As a child I had a hard time accepting change. To tell the story, I’d like to point you in the direction of my avocado bathroom suite.
If you grew up with parents from the 70s, then the bathroom I’m about to describe will need no introduction. There was nothing more iconic in a working class household than the floor to ceiling green tiles, green bathtub, green sink, and green toilet that greeted you every time you answered the call of nature.
For the first seven years of my life I bathed in the green tub and washed dirt from my fingernails over the green basin. I felt the chill of the green toilet seat under my cheeks every morning, as I propped up my feet on the trusty green footstool. When it came to bathroom duties, the avocado suite was all I knew.
Until one day I was told it was being replaced. And I couldn’t handle it.
I vividly remember the feeling of panic that flooded through my body at the thought of my beloved avocado suite being ripped from the bathroom walls. In my eyes, this was a room filled with so much more than just porcelain. This was a room with a personality of its own.
In my despair I threatened to run away. I vowed never to use another bathroom for as long as I lived. I even went on hunger strike, lasting approximately 35 minutes until the lure of Nutella on toast became too irresistible to bare.
Needless to say, my protests fell on deaf ears. One by one our bright green fixtures and fittings were replaced by shiny new white ones. And I’ll let you in on a secret…
Eventually, I learned to love my new bathroom every bit as much as I did the avocado suite.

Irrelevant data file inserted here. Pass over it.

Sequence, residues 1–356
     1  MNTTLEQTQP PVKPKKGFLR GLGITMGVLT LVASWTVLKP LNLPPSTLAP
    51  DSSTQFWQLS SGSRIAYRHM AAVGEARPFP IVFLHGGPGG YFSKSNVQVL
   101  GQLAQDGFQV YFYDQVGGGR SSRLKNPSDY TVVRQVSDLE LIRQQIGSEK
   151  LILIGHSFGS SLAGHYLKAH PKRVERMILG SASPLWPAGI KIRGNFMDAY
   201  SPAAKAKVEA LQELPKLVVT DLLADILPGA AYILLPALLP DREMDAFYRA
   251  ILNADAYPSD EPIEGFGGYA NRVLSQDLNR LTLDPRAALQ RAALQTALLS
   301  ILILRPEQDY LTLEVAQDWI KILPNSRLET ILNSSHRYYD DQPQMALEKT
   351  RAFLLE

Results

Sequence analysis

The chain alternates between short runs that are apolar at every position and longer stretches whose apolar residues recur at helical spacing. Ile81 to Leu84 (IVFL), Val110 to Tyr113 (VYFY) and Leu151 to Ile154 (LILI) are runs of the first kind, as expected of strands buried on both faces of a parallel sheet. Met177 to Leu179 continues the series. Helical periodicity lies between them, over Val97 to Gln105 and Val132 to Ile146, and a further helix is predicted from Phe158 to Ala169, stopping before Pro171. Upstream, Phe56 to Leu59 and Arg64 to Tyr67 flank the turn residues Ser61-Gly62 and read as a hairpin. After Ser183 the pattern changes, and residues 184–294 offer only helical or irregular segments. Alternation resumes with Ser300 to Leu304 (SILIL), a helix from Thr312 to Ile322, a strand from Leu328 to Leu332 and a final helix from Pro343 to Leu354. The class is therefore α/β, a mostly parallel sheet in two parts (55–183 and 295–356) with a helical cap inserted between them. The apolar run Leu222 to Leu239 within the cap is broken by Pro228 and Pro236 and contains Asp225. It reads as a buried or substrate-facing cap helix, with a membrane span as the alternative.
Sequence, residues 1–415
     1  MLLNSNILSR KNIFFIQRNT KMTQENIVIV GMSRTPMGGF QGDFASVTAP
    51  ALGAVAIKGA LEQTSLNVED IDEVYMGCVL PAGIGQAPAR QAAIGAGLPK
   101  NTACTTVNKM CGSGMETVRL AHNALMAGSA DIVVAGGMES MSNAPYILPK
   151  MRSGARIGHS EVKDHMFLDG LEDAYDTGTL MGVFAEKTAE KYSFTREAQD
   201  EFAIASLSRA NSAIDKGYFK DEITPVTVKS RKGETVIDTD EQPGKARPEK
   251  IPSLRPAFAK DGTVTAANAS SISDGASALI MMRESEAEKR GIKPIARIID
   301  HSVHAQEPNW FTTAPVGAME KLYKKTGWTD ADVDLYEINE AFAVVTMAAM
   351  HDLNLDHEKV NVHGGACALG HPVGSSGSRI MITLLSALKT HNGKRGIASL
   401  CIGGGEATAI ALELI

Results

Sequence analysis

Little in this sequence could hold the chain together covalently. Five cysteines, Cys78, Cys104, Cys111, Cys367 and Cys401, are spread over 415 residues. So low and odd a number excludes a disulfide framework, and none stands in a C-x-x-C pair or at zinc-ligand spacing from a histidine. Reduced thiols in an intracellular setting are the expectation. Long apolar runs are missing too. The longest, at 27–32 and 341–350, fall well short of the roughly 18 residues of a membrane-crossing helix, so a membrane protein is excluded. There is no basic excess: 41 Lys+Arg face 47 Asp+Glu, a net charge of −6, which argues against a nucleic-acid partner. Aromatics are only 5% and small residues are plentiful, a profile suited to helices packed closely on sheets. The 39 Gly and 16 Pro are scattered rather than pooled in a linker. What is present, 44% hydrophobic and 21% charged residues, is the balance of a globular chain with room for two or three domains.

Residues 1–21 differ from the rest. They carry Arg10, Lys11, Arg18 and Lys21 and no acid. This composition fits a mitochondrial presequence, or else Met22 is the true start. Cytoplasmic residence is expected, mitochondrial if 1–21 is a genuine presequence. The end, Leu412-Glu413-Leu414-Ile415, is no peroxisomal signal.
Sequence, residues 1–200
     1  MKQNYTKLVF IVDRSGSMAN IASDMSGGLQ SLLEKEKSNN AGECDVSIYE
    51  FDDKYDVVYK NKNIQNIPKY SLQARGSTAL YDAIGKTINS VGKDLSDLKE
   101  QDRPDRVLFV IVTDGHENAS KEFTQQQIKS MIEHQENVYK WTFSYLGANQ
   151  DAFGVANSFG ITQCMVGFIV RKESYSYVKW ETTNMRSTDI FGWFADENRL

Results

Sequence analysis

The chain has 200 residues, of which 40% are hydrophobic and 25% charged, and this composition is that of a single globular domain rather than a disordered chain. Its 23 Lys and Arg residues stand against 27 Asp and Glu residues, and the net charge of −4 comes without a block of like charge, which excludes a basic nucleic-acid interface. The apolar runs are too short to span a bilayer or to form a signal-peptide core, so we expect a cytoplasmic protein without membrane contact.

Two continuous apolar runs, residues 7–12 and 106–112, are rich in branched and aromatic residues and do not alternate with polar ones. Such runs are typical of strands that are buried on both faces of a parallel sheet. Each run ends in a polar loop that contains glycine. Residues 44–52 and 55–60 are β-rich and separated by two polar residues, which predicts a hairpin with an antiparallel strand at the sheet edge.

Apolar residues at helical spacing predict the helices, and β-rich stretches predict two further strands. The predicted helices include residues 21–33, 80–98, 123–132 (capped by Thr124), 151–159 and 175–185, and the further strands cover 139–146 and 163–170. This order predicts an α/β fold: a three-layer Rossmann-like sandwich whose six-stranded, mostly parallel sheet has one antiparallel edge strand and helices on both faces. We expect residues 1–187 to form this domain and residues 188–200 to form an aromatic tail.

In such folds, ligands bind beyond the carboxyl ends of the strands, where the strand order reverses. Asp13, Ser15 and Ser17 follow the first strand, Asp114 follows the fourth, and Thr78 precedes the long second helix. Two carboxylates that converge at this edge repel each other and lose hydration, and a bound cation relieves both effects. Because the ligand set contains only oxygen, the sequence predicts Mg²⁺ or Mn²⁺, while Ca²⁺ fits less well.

Why then, did I find the thought of this change so difficult? After all, it was just a bathroom. But through the eyes of a child it represented safety, comfort, and the familiarity of everything I had ever known.
As humans, resistance to change is a protection mechanism that is hard-wired deep within us to keep us safe. Our over-thinking, over-analysing frontal lobe is naturally opposed to change; because change represents uncertainty, and uncertainty represents danger.
Think about it from an evolutionary perspective. If you were constantly seeking out new places and new experiences; you’d likely find yourself stumbling into the territory of a rival tribe, or poisoned by the curious flavour of a never-seen-before fruit.
But detach yourself from the thinking mind for just a second, and you’ll see that everything in the known universe is in a constant state of change. Trees shed their leaves in Autumn and bloom again in Spring. Water journeys from vapour to cloud to rain to ice to water once more. Entire planets spin on their axis and orbit their central sun, never once stopping to think: “I like it here. I might stay for a while.”
Even the molecules of skin and bone that you identify as ‘you’ were once something else. Every atom that makes up your being was once part of a mountain or a forest or stardust or an apple. The fictional character masquerading as ‘you’ is ultimately an ever changing amalgamation of ‘non-you’ elements.
And here we discover the paradox: the only thing constant in the entire known universe is change itself.
In today’s world it feels like change is happening faster than ever. As someone who once shed tears over an avocado bathroom suite, I know better than most how overwhelming this can feel.
But what sense is it to be afraid of change, when our very essence is change itself? We are, quite literally, built to change. It’s the only thing we know how to do.
So then we are left with no choice but to fully surrender; to open ourselves up to the magic and mystery of our existence, to the knowing and un-knowing that every moment we encounter will never be the same again.
And as we do so, we realise that change was something exceptionally beautiful all along.
Next time that change feels uncomfortable, remember that it is as much a part of you as the legs you stand on. You can spend your life panicking every time you look below your waist. Or you can learn how to dance.
P.S - the bathroom suite looked a little something like this...